The concept of CSR Pyramid, proposed by Carroll (1983) divides business obligations into four levels, explaining requirements of obligations in each level, as well as their importance.
Economic responsibility is considered to be core responsibility of the business and it relates to profit maximisation. Economic responsibility is mainly self-regulatory in a way that if a business entity neglects or fails to meet its economic responsibilities it is just a matter of time before the business becomes a history.
Legal responsibility of a firm relates to adhering to rules and regulations of the respective government. Meeting legal responsibilities is critically important for businesses and the case study of Enron can be mentioned to explain the potential negative consequences of abusing legal responsibilities.
Ethical responsibilities for a business entity relate to certain responsibilities that go beyond basic economic and legal requirements for a business entity. Ethical responsibilities are usually expected by organizational stakeholders, but usually there are no government laws and regulations to enforce these responsibilities. However, each case is different and there might be instances where governments may interfere in relation to ethical issues.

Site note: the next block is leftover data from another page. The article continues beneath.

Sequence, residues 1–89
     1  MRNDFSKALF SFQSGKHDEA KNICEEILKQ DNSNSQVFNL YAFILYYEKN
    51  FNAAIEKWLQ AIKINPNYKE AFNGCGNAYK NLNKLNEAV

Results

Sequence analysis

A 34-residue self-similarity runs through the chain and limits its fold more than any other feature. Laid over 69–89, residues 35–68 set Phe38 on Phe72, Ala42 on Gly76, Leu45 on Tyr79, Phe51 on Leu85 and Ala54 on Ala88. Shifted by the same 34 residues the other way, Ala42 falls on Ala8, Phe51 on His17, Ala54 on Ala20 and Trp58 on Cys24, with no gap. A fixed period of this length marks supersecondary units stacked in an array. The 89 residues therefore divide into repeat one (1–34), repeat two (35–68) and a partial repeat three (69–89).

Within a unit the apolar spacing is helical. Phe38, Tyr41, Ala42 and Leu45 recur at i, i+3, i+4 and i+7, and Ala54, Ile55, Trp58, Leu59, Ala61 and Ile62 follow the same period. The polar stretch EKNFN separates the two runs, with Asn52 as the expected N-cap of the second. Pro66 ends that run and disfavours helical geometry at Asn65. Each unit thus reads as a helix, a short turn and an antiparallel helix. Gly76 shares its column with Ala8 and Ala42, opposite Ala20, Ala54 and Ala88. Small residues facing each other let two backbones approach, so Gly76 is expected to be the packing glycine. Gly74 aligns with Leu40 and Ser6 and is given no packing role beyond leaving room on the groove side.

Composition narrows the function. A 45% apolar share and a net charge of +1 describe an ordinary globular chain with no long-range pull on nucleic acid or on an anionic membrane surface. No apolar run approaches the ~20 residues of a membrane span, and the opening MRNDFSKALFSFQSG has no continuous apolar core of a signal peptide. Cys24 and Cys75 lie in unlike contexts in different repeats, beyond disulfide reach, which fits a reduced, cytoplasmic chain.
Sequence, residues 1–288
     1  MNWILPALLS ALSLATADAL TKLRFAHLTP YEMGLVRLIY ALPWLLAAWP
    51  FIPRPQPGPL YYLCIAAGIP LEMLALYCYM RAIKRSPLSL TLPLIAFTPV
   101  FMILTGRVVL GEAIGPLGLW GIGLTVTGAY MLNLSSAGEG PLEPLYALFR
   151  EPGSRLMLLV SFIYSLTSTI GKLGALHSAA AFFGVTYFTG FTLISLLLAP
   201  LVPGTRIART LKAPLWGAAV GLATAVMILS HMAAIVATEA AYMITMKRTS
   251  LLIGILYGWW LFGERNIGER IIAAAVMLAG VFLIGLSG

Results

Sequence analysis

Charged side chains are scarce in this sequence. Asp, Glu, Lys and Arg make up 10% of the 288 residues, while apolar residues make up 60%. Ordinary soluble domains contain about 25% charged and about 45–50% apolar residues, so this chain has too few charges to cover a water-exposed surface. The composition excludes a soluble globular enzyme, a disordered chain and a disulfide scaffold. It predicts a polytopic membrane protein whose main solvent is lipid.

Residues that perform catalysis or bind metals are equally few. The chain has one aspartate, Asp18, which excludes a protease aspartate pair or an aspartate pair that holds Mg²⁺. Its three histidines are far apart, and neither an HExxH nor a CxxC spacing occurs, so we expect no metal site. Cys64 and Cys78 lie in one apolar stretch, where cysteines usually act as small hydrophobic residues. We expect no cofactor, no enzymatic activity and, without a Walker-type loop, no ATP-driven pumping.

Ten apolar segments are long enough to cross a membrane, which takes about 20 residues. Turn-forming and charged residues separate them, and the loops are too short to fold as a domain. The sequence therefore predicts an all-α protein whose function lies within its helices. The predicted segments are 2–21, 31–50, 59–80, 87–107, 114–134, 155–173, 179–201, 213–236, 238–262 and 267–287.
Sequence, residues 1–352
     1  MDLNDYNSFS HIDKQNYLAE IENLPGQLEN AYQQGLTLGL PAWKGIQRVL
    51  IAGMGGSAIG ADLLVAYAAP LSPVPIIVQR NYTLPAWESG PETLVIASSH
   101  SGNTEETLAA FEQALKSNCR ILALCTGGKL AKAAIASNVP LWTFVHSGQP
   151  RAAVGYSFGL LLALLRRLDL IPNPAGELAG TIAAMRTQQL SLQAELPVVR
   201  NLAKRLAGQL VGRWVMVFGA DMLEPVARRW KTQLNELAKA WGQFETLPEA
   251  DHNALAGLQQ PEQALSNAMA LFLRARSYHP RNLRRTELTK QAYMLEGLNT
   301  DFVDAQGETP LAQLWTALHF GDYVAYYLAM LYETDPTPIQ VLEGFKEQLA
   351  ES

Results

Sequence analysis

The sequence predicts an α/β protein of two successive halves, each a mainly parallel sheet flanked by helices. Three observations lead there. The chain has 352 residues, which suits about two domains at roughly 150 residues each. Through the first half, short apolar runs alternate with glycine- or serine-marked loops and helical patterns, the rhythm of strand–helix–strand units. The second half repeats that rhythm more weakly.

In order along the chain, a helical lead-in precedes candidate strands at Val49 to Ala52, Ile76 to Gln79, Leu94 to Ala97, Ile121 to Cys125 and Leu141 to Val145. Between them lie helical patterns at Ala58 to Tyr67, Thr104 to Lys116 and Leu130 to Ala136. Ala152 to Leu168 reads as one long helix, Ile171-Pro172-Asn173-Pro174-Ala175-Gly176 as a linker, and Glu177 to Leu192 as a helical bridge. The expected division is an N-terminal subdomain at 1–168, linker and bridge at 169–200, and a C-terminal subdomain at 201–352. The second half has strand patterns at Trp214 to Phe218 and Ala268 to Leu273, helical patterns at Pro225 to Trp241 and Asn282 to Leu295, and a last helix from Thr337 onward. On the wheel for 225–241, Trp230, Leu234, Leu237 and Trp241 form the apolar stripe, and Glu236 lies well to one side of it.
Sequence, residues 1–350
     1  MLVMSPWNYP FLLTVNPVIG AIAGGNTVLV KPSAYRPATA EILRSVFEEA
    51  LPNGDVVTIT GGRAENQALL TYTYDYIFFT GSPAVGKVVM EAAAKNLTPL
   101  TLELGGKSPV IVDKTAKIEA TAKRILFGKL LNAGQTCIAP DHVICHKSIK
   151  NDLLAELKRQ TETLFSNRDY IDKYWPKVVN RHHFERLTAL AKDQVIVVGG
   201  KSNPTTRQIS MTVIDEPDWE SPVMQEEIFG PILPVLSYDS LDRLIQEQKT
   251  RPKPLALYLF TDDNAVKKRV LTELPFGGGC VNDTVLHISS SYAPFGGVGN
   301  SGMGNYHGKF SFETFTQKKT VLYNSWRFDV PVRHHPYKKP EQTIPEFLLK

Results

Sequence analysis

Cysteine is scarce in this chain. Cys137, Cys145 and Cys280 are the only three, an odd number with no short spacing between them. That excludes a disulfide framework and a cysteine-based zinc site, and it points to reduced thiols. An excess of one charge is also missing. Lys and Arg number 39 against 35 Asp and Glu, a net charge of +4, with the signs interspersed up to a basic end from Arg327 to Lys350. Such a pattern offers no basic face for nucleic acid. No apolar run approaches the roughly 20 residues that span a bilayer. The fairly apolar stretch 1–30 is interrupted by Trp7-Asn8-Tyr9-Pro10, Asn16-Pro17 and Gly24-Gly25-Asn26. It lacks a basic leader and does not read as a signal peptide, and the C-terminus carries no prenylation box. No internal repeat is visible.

Philanthropic responsibility is understandably placed at the highest level of responsibilities because it is not generally expected and mainly initiated for advertisement and public relations purposes. Philanthropic acts engaged by businesses may include sizable donations to various causes or local communities, or contributing to society in other ways.
Although Carroll’s CSR Pyramid is widely considered to be a substantial contribution to the development of the field of CSR, it has been criticized by various authors. Hockerts et al. (2008) criticise this framework by arguing that there is no need to represent CSR as a hierarchy. In other words, according to Hockerts et al. (2008), unlike Maslow’s Hierarchy of Needs, in Carroll’s CSR Pyramid there are weak or no relationships between CSR activities involved in each level.
Moreover, further criticism relate to making no distinctions between corporate citizenship and philanthropy, and ambiguity if Carroll’s CSR Pyramid is a descriptive or normative model.
Hockerts, K, Casanova, L, Gradillas, M, Sloan, P, & Jensen, E. (2008) ‘An Overview of CSR Practices Response Benchmarking Report’, INSEAD Working Papers Collection, 67, pp. 1-50